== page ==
Japan lawmakers make call for compensation

Japanese lawmakers called on the government Tuesday to provide compensation to thousands of unrecognized victims of Minamata disease, a debilitating disorder caused by eating fish tainted with mercury, ahead of the 50th anniversary of the official diagnosis of the illness.
After victims endured decades of social stigmatization, corporate bullying and legal battles, the Supreme Court in October 2004 held the government responsible for allowing the pollution to continue for years, and ordered it to compensate 37 plaintiffs who were among 12,000 officially unrecognized patients.
Following the ruling, the government last April announced plans to expand its support program for thousands of patients who weren’t previously eligible for government help.
The disease was named for Minamata Bay, where a Japanese chemical company, Chisso Corp., dumped tons of mercury compounds.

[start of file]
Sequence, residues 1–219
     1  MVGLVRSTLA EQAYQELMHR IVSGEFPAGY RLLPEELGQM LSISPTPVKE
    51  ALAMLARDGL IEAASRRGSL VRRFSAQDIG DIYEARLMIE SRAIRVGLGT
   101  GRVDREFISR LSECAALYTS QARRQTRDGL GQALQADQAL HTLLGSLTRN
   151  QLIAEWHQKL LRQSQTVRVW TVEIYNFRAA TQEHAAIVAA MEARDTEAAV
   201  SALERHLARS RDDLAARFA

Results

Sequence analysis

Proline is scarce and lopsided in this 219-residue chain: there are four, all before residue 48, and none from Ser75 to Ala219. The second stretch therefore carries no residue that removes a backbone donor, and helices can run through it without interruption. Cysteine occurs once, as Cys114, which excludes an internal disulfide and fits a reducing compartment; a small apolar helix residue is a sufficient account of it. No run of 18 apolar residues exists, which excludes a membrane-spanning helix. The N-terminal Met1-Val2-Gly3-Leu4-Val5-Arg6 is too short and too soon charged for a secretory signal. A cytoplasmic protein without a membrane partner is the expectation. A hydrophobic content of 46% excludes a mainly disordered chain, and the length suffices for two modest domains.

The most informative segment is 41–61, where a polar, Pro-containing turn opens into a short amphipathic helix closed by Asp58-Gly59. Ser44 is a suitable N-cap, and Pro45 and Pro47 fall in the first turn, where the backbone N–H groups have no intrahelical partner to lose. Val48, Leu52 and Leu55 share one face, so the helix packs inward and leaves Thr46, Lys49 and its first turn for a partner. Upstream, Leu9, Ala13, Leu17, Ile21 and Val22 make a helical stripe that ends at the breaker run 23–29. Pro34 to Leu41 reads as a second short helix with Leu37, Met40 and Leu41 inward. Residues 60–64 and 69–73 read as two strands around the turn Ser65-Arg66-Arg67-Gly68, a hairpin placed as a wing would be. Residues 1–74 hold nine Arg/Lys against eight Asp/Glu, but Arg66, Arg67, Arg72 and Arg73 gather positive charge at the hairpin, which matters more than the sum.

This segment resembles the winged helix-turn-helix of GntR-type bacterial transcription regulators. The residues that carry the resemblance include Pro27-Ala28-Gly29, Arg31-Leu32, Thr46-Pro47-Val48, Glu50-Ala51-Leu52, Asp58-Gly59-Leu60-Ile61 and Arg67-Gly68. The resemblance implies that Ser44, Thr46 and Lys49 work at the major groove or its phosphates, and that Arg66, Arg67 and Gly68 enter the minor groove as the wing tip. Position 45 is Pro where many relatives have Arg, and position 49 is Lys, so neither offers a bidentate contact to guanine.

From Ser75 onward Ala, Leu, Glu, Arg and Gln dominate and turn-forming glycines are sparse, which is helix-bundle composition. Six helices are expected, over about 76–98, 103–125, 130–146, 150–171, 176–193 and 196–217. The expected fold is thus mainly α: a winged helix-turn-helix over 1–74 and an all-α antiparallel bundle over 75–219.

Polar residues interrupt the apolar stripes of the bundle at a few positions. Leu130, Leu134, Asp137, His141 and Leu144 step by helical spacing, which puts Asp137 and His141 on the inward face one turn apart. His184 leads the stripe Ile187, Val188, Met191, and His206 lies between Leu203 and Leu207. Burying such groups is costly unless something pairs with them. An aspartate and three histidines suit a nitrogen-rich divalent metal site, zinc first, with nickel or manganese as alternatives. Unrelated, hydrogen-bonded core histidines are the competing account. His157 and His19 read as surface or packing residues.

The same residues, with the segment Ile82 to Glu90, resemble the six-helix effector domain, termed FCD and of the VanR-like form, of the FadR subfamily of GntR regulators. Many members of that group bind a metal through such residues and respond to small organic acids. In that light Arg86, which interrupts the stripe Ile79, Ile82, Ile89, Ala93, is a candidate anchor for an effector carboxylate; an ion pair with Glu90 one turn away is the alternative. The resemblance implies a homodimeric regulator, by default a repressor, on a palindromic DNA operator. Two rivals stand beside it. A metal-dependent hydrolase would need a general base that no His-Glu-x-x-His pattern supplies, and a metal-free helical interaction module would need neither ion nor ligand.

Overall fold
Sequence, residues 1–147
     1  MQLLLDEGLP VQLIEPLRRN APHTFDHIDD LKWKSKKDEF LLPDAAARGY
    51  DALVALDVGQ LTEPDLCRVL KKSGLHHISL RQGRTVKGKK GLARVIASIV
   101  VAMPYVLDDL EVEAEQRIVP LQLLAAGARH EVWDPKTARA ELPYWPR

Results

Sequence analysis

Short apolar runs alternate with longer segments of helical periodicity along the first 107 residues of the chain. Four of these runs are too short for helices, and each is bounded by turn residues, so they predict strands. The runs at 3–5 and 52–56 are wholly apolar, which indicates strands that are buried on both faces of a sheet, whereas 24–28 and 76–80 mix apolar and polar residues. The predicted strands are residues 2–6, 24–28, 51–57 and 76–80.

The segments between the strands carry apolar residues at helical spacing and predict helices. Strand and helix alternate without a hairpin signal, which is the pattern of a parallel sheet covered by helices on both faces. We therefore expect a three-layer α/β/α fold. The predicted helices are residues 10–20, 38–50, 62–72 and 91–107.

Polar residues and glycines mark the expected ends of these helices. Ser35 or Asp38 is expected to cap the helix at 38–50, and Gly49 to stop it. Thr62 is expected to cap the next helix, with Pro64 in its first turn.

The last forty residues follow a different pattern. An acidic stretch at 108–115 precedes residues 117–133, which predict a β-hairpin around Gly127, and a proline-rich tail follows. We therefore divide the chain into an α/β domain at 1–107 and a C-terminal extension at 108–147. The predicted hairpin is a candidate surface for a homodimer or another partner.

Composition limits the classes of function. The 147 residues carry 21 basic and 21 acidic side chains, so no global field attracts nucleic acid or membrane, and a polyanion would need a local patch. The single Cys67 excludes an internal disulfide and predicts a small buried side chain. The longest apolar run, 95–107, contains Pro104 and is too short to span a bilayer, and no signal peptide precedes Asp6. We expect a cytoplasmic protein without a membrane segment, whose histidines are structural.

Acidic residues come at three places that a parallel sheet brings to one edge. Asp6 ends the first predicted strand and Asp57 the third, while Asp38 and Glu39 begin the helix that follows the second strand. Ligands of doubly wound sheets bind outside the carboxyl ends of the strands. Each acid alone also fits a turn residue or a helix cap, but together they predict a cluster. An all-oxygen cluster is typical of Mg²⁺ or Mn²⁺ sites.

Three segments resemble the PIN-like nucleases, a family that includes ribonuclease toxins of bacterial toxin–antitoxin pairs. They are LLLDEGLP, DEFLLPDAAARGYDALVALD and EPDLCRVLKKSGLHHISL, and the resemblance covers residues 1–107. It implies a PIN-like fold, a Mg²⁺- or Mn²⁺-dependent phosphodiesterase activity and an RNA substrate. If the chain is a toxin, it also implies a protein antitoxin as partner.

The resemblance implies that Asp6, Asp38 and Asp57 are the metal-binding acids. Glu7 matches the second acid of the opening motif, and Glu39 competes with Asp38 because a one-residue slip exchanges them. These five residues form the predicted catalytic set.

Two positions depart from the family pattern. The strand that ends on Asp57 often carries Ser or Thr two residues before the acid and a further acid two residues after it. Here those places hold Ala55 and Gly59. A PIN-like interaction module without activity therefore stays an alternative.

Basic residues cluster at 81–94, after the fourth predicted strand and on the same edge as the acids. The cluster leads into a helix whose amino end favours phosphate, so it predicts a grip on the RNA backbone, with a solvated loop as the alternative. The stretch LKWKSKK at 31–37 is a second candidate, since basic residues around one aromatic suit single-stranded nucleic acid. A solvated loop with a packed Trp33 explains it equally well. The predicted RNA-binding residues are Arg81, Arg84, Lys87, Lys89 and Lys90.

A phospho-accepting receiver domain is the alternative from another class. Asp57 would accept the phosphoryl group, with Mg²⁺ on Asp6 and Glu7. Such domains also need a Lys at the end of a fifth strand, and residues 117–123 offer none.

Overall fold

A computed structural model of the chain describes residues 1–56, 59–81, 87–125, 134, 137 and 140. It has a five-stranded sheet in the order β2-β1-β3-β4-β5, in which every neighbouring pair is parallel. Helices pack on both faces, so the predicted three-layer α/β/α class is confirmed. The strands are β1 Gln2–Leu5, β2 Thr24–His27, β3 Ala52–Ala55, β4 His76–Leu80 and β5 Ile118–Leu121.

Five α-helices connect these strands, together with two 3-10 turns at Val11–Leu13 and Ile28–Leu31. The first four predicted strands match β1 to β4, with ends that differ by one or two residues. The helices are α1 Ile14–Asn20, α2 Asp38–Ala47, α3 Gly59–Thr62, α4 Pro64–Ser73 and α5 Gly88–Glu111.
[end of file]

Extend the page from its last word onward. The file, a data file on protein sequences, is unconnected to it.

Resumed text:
Since the 1950s, thousands of people have contracted the degenerative neurological disorder.
“The government must take the ruling seriously and implement measures steadily and comprehensively so that all the Minamata victims, who have endured pains both physically and mentally through the 50 long years, can live in peace and understanding,” said the nonbinding resolution, passed by Parliament’s lower house ahead of the 50th anniversary of the first government recognition of the disease on May 1.
The Supreme Court ruling ordered the government and Kumamoto prefecture (state) in southern Japan to provide compensation ranging from 1.5 million yen to 2.5 million yen (US$13,090 to US$21,820; euro10,590 to euro17,650) to each plaintiff.

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